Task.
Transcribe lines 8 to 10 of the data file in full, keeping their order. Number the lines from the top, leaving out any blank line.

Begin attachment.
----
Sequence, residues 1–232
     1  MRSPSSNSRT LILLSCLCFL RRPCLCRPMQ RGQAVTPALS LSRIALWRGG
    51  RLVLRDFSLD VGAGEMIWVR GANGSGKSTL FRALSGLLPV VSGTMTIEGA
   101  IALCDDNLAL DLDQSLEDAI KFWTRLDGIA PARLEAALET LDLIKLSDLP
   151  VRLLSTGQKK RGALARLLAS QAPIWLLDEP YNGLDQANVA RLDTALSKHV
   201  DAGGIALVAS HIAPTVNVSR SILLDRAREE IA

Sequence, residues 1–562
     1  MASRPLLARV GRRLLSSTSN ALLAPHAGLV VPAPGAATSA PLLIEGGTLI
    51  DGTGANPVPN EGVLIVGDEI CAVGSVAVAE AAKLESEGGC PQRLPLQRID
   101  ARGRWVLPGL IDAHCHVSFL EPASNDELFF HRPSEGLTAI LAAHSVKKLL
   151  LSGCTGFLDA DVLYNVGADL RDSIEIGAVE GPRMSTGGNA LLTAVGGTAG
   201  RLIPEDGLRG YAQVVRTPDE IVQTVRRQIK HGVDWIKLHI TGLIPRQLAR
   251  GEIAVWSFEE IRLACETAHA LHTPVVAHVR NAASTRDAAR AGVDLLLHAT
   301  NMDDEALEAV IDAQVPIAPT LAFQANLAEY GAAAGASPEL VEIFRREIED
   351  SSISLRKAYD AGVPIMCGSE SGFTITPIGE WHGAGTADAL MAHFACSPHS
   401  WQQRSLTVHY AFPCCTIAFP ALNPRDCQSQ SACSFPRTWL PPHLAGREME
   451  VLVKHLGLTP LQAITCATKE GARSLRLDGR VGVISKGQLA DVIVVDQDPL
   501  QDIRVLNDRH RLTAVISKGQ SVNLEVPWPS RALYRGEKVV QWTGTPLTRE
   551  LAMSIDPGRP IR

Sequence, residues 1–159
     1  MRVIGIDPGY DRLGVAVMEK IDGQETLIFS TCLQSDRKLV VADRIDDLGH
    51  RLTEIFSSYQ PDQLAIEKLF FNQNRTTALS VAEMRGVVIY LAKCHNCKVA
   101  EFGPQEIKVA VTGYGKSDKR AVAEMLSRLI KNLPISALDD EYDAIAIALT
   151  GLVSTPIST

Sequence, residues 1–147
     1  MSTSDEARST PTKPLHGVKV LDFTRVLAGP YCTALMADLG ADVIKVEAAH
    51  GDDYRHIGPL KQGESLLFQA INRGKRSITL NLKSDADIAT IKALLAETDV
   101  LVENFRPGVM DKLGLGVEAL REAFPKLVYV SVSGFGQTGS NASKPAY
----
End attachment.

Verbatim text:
     1  MASRPLLARV GRRLLSSTSN ALLAPHAGLV VPAPGAATSA PLLIEGGTLI
    51  DGTGANPVPN EGVLIVGDEI CAVGSVAVAE AAKLESEGGC PQRLPLQRID
   101  ARGRWVLPGL IDAHCHVSFL EPASNDELFF HRPSEGLTAI LAAHSVKKLL